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under the terms of the agreement with gutter, they'll be required to say in gutter for a period of at least one year. effectively, gutter has agreed to monitor them and make sure they don't re-enter the fight. >> all right, adam, thanks so much. >> thank you. defense secretary chuck hagel sparred with his chinese counterpart saying china's move to control territory innies asia are destabilizing the region and undermining peace. hagel said the u.s. does not make a position on competing claims between china and its neighbors. >> we firmly oppose any nations use of intimidation, coercion, or the threat of force to assert those claims. the united states will not look the other way when fundamental principles of the international order are being challenged. >> hagel also criticized china for its continuing cyber snooping effort. a chinese military official
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called hagel's accusations groundless, but that he appreciated hagel's candor. the palestinian president has said the formation of a new unity government will be announced monday, backed by hamas and fatah. hamas is considered a terrorist organization by both israel and the west. he told french activists that israel has claimed it will not recognize such a government. in ukraine, clashes continue. this week, the organization for the security and cooperation in europe lost contact with five monitors and the head of the osc said the mission may have to withdraw due to safety concerns. the russian ministry issued a statement today underscoring the importance of having international monitors in ukrin, amid ongoing turmoil between the government and the militia members who want the region to rejoin russia. this past week, a helicopter was
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shot down, killing a top general and a dozen soldiers. we're joined by sabrina of the "new york times." you've been in the border region between on the eastern side of the country, the ukraine story has slid off the front pages. what's the situation on the ground now? >> it's very interesting. on the ground, i think, for a long time, everybody was assuming that putin was going to kind of roll across the border. there was going to be a crimea-style takeover. but instead what we're seeing on the ground is very sort of subtle, essentially on the ground facts that speak very much to russian involvement, but perhaps not kremlin involvement. >> nato said there has been significant pullbacks from russian forces off the border, but you're saying there's quite a few people who might be armed or being supplied by russia still in that region? >> well, again, it's a very fine distinction. so it's not the kremlin, or moscow, but it's a lot of sort of people with russian passports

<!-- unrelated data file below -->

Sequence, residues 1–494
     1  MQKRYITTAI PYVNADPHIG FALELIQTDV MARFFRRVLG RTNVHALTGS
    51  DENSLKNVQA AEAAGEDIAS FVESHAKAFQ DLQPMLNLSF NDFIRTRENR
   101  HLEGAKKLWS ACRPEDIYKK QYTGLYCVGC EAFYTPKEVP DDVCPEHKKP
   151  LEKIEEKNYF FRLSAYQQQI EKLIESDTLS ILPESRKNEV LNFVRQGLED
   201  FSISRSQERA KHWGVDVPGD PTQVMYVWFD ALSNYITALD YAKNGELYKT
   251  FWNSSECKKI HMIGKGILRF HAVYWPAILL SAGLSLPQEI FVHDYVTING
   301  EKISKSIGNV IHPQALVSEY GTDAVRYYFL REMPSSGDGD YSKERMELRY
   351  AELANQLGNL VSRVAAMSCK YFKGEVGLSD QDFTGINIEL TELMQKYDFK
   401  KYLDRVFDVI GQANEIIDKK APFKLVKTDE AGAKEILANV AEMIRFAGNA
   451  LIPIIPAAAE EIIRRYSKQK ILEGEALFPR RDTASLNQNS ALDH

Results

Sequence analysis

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coming to ukraine to fight. we were in the border region today of lugansk and saw strong rebel activity. essentially it's its own country out there. there's an assumption that a lot of what's coming through is coming through exactly that area, that's the route line, if you will. >> so that region hardly had anybody voting, quite a few people were intimidated, kept away from the polls. and so do we have a de facto divided ukraine, and how does the president move forward -- the new president move forward with this? >> you know, i think it's very difficult. i think that basically in a way, that the sort of russia and russians are trying to sort of create facts on the ground by having a lot of these fighters come in, you know, some of them are mercenaries from the caulkas us, they're a motley crue of people out there with russian passports. that gives president putin quite a serious bargaining chip, a
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type of security deposit that allows him to keep russian influence over ukraine. gives him a good bargaining position over the new president. >> all right, sabrina, thanks so much. >> thank you. sudanese officials have told the bbc they will free the mother who was sentenced to death for failing to renounce her christian faith. her father was muslim, but she was raised by her christian mother. under sudanese law, children must belong to the religion of their fathers. she gave birth on wednesday while in shackles. her execution was delayed for two years, so she could breast feed her new born baby. she's married to a christian american man. the case has been the subject of international pressure from human rights organization and criticism by the us state departments and other western governments. according to sudanese authorities, she will be released in a few days' time.